• Excellent. And a good video to show to start this discussion with clients. But also, I have this spelled out on my price list that I supply to my new clients before starting work with them and I have this discussion right at the front end of a relationship so they understand the process and the laws. Advertising agencies all know this since they work with photo ownership and copyright issues all the time. But ordinary folks probably don’t. The parallel with buying music as CDs or downloaded make a good way to get the idea across.

  • I keep it really simple with my clients by telling them I own the images regardless of (meaningless) MLS “copyright” notices, that my client has a nonexclusive right to use the unaltered images for their personal marketing efforts, AND SO they cannot sell, lend, or give away something that they do not own.

    Even so – like everyone else in this forum – I have found that some expired listings’ photos have made their way to being used by a new agent. I investigate and tell the new agent to take them down OR pay a relatively small fee to me. No problems yet – they always pay the reasonable fee. It really only happens three or four times a year.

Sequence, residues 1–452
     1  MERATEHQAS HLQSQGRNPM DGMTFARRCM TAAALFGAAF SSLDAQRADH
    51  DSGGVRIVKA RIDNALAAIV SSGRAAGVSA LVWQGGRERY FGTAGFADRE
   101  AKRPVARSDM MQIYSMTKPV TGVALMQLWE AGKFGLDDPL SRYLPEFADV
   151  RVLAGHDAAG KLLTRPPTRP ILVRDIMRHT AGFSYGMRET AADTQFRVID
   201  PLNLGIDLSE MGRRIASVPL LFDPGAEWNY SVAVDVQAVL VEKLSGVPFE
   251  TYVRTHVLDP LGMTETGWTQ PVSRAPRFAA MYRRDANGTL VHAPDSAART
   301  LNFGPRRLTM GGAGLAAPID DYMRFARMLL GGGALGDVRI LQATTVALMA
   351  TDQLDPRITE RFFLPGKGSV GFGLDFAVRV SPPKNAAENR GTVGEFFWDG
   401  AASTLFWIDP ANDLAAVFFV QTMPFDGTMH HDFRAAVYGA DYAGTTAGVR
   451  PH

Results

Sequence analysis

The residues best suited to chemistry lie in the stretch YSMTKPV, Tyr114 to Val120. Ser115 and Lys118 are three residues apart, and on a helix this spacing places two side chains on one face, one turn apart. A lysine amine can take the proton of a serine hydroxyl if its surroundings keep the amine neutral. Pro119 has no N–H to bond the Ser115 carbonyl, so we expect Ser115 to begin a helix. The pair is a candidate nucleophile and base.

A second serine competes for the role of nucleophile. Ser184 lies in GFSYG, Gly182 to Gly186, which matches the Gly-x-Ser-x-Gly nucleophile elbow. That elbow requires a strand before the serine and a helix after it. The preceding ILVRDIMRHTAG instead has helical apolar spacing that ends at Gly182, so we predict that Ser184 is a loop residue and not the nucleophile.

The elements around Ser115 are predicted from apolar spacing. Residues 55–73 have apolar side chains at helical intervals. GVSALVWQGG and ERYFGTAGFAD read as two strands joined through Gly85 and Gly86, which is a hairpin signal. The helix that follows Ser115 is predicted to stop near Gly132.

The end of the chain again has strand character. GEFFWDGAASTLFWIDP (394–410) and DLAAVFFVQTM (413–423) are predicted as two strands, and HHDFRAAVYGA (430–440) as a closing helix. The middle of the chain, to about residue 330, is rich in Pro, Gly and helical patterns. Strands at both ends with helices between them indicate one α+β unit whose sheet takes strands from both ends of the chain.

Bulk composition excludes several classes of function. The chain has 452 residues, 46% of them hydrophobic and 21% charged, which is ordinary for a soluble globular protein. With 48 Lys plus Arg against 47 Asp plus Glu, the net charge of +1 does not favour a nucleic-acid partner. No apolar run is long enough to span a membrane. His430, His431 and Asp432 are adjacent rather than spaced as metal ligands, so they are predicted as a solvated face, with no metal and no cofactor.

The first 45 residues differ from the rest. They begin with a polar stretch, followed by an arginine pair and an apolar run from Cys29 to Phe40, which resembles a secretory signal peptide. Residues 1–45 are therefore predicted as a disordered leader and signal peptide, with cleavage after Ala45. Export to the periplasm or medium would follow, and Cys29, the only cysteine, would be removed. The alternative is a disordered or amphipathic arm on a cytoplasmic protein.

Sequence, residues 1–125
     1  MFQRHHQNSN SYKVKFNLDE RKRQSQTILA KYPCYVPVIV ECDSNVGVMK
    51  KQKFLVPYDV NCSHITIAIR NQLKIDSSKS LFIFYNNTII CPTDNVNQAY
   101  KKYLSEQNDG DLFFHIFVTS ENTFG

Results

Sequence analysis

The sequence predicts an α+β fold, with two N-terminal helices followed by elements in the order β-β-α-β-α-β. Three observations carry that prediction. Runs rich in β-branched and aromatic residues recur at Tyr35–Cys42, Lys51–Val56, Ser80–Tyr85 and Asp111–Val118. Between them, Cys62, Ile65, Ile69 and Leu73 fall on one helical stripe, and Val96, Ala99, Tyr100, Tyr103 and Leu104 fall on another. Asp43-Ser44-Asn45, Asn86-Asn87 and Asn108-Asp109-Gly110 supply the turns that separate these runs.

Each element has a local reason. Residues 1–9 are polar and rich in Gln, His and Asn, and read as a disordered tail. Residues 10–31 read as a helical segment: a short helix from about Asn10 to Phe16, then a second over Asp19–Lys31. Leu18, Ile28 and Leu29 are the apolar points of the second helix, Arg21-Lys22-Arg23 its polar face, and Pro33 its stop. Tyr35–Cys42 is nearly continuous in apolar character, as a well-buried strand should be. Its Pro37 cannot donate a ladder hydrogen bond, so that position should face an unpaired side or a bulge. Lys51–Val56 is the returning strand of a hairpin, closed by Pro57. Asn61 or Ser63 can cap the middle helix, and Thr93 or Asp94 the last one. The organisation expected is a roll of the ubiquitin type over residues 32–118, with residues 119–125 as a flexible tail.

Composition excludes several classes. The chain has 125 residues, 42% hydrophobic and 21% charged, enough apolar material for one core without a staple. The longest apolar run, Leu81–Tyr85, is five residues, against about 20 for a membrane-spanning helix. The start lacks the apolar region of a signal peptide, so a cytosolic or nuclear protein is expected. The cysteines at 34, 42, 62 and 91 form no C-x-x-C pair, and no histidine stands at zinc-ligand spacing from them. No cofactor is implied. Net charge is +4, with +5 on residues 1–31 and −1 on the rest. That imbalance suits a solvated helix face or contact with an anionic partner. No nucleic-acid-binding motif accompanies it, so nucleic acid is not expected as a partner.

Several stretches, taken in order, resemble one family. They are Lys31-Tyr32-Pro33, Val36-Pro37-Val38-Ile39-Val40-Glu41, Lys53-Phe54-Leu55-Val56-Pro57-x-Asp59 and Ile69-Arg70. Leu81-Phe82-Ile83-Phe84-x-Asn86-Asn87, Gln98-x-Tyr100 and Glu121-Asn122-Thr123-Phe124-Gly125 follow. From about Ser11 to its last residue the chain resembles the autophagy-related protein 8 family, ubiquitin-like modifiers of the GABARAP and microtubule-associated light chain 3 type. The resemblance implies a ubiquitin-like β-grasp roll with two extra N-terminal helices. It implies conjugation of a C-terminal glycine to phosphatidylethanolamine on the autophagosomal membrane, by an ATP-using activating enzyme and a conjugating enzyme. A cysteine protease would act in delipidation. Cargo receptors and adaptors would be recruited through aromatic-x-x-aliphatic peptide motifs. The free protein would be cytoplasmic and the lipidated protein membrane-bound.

• My question for Phil Tuggle is why are the images you created for one agent … worth less to another? Seriously, everyone who produces work, deserves to get what they charge for it…from everyone.

  • Jerry, it sounds like you may sell the images to a subsequent agent for the same price as the original agent paid, which is what I do. However, I often wonder what my reaction would be if the second agent gave me a choice of giving them a discount on images already created or getting me to go and re-shoot the property for my normal fee. Thankfully it’s never happened!

  • Matt, I give the new agent the choice of either coming out and re shooting the property or take what I have already created.

    If they want me to come out, then I remind them that the property should be cleaned, staged and ready to go when I get there to meet them. Rarely has a property maintained its “staged” look after changing realtors. If they want to put the effort in to bring it back up to snuff, inside and out, then good for them. But most of the time the realtor sees the value of saving their time, their clients frustration of having to go through the process, etc.

  • Thanks for posting, Larry. Not sure how I missed this post. Glad it was helpful to some!